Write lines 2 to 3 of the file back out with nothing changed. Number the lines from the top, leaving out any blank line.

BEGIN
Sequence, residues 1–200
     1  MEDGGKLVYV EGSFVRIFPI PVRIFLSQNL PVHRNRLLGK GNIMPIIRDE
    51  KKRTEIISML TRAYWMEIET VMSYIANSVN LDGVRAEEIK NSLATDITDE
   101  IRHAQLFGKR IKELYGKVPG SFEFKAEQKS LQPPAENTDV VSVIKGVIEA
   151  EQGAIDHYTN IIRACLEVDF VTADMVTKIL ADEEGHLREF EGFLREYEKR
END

     1  MEDGGKLVYV EGSFVRIFPI PVRIFLSQNL PVHRNRLLGK GNIMPIIRDE
    51  KKRTEIISML TRAYWMEIET VMSYIANSVN LDGVRAEEIK NSLATDITDE